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19세기 초 閩南 사회의 해양 인식* ― 廈門志 의 편찬 의도와 구성상 특징을 중심으로 ―The Maritime Perception of Southern Fujian Society in 19th century— Focused on the intention of compilation and compositional features of Xiamenzhi —

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The Maritime Perception of Southern Fujian Society in 19th century— Focused on the intention of compilation and compositional features of Xiamenzhi —
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이화여자대학교 이화사학연구소
민남(閩南); 민해관(閩海關); 천주(泉州); 하문(廈門); 하문지(廈門志); 동서양고(東西洋考); 주개(周凱); Minnan; Minhaiguan; Quanzhou; Xiamen; Xiamenzhi; Dongxiyangkao; Zhou Kai
이화사학연구, no.67, pp 131 - 171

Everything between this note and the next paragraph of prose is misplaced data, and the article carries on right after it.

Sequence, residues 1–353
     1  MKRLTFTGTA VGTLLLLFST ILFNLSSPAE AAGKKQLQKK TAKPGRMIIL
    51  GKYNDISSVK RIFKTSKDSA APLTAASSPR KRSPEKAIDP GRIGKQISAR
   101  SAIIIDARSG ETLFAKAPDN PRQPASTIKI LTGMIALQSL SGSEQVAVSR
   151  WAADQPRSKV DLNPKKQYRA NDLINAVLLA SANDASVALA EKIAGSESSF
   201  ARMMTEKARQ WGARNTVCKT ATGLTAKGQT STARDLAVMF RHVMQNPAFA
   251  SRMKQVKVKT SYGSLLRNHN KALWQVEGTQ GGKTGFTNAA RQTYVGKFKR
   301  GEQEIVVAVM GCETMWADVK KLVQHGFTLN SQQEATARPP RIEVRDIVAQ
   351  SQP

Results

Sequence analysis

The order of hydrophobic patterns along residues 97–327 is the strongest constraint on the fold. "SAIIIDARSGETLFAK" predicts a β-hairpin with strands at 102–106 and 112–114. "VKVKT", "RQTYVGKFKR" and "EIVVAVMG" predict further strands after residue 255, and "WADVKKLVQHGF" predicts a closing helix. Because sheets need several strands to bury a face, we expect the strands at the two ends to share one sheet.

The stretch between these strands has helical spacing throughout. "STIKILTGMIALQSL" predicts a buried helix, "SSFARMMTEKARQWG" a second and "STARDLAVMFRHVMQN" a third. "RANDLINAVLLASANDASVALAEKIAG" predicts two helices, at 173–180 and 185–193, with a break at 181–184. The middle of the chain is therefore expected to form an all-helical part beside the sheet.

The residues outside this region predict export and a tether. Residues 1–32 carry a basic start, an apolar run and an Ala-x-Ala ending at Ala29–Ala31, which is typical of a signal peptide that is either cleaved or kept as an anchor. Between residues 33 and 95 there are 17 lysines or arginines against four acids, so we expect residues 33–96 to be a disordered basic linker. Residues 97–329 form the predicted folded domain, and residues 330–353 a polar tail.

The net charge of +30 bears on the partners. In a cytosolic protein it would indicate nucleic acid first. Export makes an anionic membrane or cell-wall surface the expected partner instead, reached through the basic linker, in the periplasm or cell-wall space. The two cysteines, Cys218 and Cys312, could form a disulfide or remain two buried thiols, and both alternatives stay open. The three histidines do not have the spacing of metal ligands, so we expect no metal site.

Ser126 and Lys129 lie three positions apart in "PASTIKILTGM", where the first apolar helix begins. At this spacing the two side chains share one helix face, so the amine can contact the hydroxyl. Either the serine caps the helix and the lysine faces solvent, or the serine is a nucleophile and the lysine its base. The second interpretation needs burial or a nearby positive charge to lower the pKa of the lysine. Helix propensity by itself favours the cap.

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After subduing the Zheng Group鄭氏集團, the Qing Dynasty implemented an inclusive sea opening policy開海 towards coastal areas. Even though Fujian福建 had historically served as the primary stage for the Zheng Group's operations, it was still encompassed within the purview of the sea opening policy. The Qing Dynasty established the Minahaiguan閩海關 in Xiamen廈門, a city that had long been a prominent stronghold for the Zheng Group. Subsequently, Xiamen evolved into an official foreign trade harbor for Fujian. Xiamen also served as the home port for the Fujian Navy福建水師, which was the sole naval force of the Qing Dynasty that remained in existence throughout the entire duration of the dynasty. The primary mission of the Fujian Navy was to safeguard and maintain control over the Taiwan Strait, a crucial geographical feature integral to the maritime defense of the Qing Empire. In summary, Xiamen underwent a transformation into the principal foreign trade port of Fujian while simultaneously becoming a vital component of the empire's maritime security. Xiamenzhi廈門志 was compiled under the guidance of a person named Zhou Kai周凯. Zhou Kai gathered a significant amount of local data while holding prominent positions in Southern Fujian during the 1820s. Building upon the publication of the Fujiantongzhi福建通志, Zhou Kai incorporated the latest information and successfully finalized his project in 1832. In 1839, two years after Zhou Kai’s passing, his fellow officials published Xiamenzhi to memorialize him. Xiamenzhi differs from other gazetteers in several respects. First, unlike other gazetteers which treat larger areas at least over county縣, Xiamenzhi covers only a single island. Second, Xiamenzhi directed its attention towards the ‘expansive maritime regions associated with Xiamen,’ rather than concentrating solely on Xiamen proper. Third, limited space for chapters pertaining to educational institutions, official appointments, and biographical content, in stark contrast to the more prevalent inclusions found in other gazetteers. These distinctions can be attributed to the objectives set forth by the compilation team under the leadership of Zhou Kai. Xiamenzhi shares both similarities and differences with Dongxiyangkao東西洋考, a late Ming-era handbook on the maritime world authored by Fujian intellectuals. Initially, these works delineate distinct parameters for defining ‘the ocean,’ and they employ varying criteria for categorizing different ‘seas.’ Secondly, they presuppose dissimilar readerships, consequently highlighting distinct focal points. In summary, while both books revolve around ‘the maritime world,’ they are grounded in different ‘conceptions of the maritime world.’ Differences between these books mirror the evolving status of Fujian in two distinct historical periods. The geopolitical concept of ‘Maritime Directivity,’ which underlies Fujian society, became evident in diverse ways within the context of interactions among the ‘local,’ ‘imperial,’ and ‘overseas’ regions.
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